Tuesday, August 1, 2017

The Farm States of South Dakota, Minnesota, and Wisconsin

The areas suitable for plow agriculture in the Great Plains is affected by past glaciation.  Great glaciers covered much of North America during the Pleistocene (~2.8 million years ago to 10,000 years ago), and as they they receded they left behind a deep and fertile soil covering. The glaciers did not reach everywhere.  In the Dakotas, they traced a diagonal line from midway on the western border of North Dakota toward the northeastern corner of Kansas. South of the glacial line, the top soil today consists primarily of thin layers of windblown loess not suitable for plow agriculture. 

Physical divisions of U.S. and maximum extent of
glaciation/USGS map

South Dakota

We followed the Bad River Valley east along highway 14 from Wells, South Dakota, towards Pierre (pronounced Pier by the locals) the state capitol, on the Missouri River. This area, south of the line of glaciation, is dominated by cattle ranching and small irrigated crops over an undulating western landscape.
Bad River drainage, South Dakota/Platek
In Pierre we swam in the Missouri River and hobnobbed with local Trump voters. Three young city employees tended a well kept river-front park with weed-whackers. Others were setting up for a local hog farm's annual barbecue in the park. "I'm 24 years old, and I have to pay $400.00/month to add my two year old to my health plan," complained one of the city workers. "I still support Trump. Perhaps he'll make a difference." He was a friendly young man. He sounded less than adamant. Perhaps he'll be receptive to a pitch for universal health care from Bernie?

Pierre, South Dakota/s3.amazonaws.com
The Missouri River forms a distinct boundary line between ranching and plow agriculture. Moving east from Pierre along highway 14 we drive over glacial till next to fields of alfalfa, canola, corn, sugar beets, sunflowers, and wheat. The terrain is flat, treeless, and the crops stretch wide across the horizon.

South Dakota has a small population of 865,000, but it has 32,000 farms. There are 4,075 farms between 1,000 acres and 2,000 acres; 3,667 farms between 2,000 and 5,000 acres; and 1,970 farms with more than 5,000 acres. The average farm size is 1,366 acres (fifth place behind the large cattle ranching states of Montana, Wyoming, New Mexico, and Nevada).


Although we cross no discernible natural border, there is an unmistakeable transition as we cross into Minnesota on our way to Minneapolis: the farms are more numerous, smaller, and they are nestled among stands of trees. 
Minnesota farmland/Robert Mizrahi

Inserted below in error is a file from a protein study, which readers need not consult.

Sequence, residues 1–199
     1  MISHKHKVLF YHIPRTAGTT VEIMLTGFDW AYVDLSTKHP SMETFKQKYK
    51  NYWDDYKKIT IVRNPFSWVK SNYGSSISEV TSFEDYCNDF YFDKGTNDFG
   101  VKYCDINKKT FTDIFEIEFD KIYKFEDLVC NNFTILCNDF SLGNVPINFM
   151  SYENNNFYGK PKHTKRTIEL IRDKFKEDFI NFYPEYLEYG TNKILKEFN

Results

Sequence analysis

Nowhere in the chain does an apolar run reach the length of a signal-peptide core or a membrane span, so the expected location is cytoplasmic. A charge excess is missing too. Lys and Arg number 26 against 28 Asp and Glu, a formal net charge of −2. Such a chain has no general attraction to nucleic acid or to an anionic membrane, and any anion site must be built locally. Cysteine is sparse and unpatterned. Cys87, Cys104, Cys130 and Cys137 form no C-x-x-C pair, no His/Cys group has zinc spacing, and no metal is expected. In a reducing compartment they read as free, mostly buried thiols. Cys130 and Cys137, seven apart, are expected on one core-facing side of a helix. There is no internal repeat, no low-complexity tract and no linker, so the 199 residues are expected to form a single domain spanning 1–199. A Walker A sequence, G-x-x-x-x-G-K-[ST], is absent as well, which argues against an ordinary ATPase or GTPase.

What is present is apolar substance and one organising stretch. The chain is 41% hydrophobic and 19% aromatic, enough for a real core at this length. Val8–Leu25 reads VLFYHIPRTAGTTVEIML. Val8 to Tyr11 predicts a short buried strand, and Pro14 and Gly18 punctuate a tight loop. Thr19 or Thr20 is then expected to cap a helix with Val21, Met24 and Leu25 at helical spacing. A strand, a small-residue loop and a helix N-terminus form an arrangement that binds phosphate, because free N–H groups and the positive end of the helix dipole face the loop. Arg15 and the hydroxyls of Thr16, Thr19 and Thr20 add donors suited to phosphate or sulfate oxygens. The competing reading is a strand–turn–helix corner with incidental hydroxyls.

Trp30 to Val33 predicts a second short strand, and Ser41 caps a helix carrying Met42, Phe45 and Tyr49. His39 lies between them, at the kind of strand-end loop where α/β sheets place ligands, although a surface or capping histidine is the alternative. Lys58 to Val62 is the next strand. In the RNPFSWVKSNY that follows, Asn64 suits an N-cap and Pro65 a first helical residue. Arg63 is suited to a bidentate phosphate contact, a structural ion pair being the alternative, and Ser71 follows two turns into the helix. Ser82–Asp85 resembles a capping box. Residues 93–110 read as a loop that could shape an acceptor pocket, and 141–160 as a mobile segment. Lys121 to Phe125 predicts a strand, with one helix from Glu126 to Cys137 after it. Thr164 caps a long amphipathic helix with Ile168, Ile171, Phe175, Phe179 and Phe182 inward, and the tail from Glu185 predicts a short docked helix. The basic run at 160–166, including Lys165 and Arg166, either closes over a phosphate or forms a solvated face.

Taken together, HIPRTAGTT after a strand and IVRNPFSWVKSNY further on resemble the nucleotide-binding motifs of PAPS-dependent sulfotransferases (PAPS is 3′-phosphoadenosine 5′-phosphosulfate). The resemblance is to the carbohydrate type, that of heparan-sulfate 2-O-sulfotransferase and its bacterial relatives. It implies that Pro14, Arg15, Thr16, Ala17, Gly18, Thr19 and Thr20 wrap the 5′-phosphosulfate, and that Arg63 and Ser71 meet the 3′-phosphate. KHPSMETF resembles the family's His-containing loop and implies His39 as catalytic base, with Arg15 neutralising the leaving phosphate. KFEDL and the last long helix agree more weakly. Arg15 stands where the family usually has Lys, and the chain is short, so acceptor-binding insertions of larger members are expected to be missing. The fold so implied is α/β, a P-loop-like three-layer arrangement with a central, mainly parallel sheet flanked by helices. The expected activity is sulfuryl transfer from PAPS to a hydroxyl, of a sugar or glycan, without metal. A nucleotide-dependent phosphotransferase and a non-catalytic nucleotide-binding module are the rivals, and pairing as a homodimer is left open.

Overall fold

Minnesota, just 11% larger, has twice as many farms as South Dakota (74,542), but the farms are smaller: only 205 farms exceed 5,000 acres; there are only 1,960 farms between 2,000 and 5,000 acres; and only 4,003 farms between 1,000 and 2,000 acres.  

Minnesota has a population of 5.5 million. Hillary Clinton eked out a 1.5% victory in Minnesota over Donald Trump in 2016 (46.9% vs. 45.4%). The "never Trump" Evan McMullin (1.8%) and the libertarian Gary Johnson (3.9%) were the spoilers for Trump in Minnesota. 

Minnesota is represented by five Democrats in the House of Representatives (Tim Walz, Betty McCollum, Keith Ellison, Collin Peterson, and Rick Nolan) and three Republicans (Jason Lewis, Erik Paulsen, Tom Emmer) and by two Democrats in the Senate (Amy Klobucher and Al Franken). 


From Minneapolis we drove south on Highway 52 into Amish country. At Cannon Falls, home of Pachyderm Studio, we turned left towards the Mississippi River, and entered Wisconsin at La Crosse, the largest city in Western Wisconsin. [Yes, the name is derived from the Indian game] Wisconsin is only slightly smaller than South Dakota and Minnesota, yet it has nearly the same number of farms as Minnesota (69,754); but its farms are much smaller. Only 74 farms are larger than 5,000 acres; there are only 587 farms between 2,000 to 5,000 acres; and only 1,580 farms from 1,000 to 2,000 acres. 

Forty-six percent of Wisconsin is covered by forest. It has been gaining, not losing, forest acreage as marginal crop and pasture land has been planted with trees, or reforested naturally. Today the state  has more forestland than at any time since inventories began in 1936.

The stereotype is true: Wisconsin is a heavy hitter in the production of milk (30 billion pounds annually) and cheese (3 billion pounds annually).  Wisconsin, just forty percent the size of California, produces nearly as much milk as California and produces more cheese than California. 

Glaciers largely bypassed the western uplands region of Wisconsin. Erosion in this "Driftless Area" was accelerated when ice dams, backing up large lakes, suddenly gave way as the ice receded. Rivers draining into the Mississippi have carved shallow east-west trending valleys in this region.

Regions of Wisconsin
In the fertile central plain soft hills were formed by glacial moraines. 

Drumlins formed by glacial moraines west of Milwaukee
Wisconsin has a population of 5.8 million. They gave the nod to Trump by 1 percentage point (47.9 vs. 46.9) in the last election. The lefty, Jill Stein, received 1.1 percent of the vote, and the libertarian Gary Johnson received 3.6 percent of the vote.  

Wisconsin is represented by five Republicans in the House (Paul Ryan, Jim Sensenbrenner, Glenn Grothman, Sean Duffy, and Mike Gallagher) and three Democrats (Marc Pocan, Ron Kind, and Gwen Moore) and by a Democrat (Tammy Baldwin) and a Republican (Ron Johnson) in the Senate. 

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